It's unique, strange but familiar. It's Hawaii seen through a pair of "Cartoon-land Glasses." I'm the "What if... Salvador Dali worked at Hilo Hatties"

"I love the work coming out of the Low-Brow Art scene in LA. But, there just wasn't enough being said about Tikis for my taste. Tiki-Art is a whole new & old art form at the same time. It's the first abstraction of the human form & also the birth of modern art. It's the re-creation of wooden idols into the 20th-century idols of recreation!"


Brad "Tiki-Shark" Parker's Bio.

Brad "Tiki-Shark" Parker is a "Tiki-Artist" working in the pop-surrealistic style of the "Low-Brow" Art movement.

Awards:

1.) La Luz de Jesus Gallery; (The world famous birth-place of the "Low-Brow Art movement") 

• La Luz de Jesus Gallery placed Parker among Low-Brow's most prominent artists in it's "25th Year Anniversary Group Show" & special edition Artbook. 

•La Luz de Jesus Gallery has also hosted several one-man shows of Parker's work. 

2.) Parker has won entry into "SPECTRUM The Years Best in Contemporary Fantastic Art" several years in a row." 

Publications:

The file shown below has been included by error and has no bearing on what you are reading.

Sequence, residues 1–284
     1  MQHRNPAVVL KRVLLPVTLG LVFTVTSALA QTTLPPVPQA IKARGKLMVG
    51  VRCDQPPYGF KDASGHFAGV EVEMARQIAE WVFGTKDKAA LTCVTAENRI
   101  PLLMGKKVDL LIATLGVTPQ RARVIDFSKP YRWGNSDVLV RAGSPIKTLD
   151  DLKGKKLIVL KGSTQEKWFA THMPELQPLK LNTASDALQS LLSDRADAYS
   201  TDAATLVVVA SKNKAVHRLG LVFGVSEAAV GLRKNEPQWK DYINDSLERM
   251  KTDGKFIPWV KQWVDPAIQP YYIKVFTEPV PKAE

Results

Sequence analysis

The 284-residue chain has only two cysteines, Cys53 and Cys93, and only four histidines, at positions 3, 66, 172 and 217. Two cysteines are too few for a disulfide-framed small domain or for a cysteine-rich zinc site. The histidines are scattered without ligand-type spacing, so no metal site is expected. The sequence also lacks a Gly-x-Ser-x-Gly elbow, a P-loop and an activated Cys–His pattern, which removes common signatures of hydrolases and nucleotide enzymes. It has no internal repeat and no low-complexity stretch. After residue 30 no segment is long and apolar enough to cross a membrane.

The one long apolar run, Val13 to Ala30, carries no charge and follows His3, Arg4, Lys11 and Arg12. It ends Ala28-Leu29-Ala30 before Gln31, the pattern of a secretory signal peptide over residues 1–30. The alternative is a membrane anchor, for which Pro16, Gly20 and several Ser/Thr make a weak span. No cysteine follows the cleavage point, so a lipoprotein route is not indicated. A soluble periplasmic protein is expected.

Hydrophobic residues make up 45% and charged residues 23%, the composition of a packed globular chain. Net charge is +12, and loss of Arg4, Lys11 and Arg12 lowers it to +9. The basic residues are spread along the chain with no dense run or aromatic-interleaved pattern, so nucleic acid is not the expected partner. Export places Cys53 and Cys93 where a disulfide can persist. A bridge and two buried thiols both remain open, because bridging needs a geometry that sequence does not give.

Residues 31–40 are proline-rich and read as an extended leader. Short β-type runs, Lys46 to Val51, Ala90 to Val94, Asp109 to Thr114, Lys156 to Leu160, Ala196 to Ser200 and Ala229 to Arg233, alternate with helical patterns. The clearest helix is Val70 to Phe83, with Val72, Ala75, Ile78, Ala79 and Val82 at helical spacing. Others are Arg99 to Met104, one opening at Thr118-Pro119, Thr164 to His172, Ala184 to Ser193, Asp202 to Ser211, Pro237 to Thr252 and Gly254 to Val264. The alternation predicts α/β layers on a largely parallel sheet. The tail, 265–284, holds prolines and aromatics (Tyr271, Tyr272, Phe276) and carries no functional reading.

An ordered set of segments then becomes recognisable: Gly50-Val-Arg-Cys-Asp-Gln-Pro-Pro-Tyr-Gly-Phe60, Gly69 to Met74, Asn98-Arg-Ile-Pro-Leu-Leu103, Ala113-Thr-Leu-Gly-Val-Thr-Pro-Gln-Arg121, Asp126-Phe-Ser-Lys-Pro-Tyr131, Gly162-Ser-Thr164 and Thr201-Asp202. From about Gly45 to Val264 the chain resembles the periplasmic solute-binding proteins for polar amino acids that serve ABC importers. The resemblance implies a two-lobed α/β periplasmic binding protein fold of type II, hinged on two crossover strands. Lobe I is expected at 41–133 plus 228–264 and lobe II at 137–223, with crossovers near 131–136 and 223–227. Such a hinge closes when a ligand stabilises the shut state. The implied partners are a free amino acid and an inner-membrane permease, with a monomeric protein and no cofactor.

1.) Parker has been the subject of many articles in publications, among which are: 

• France's "KUSTOM Magazine". The Art/Fashion magazine celebrating "Rock-a-Billy & Kustom Culture" Life Style. It's "Hawaiian" issue featured a special 16-page pull-out of Parker's Art-work.

• America's "Tiki-Magazine" has featured Parker several times, including on the cover.

• "Hana Hou! Magazine - (Hawaiian Air Lines in-flight Magazine)" featured Parker in an English language edition in 2016, then because of its popularity, also featured Parker in the Japanese language edition of the next issue that same year. 

2.) Parker is listed as one of the top 40 most influential "Out-sider Artists" working today in "Surf Graphics" - an Art book published by London's KERERO PRESS. 

QUOTES from THE PRESS and others:

"Brad Parker creates lurid paintings that pull in influences from tiki, comics, and rock." 

- Honolulu Magazine "The Best Of" Issue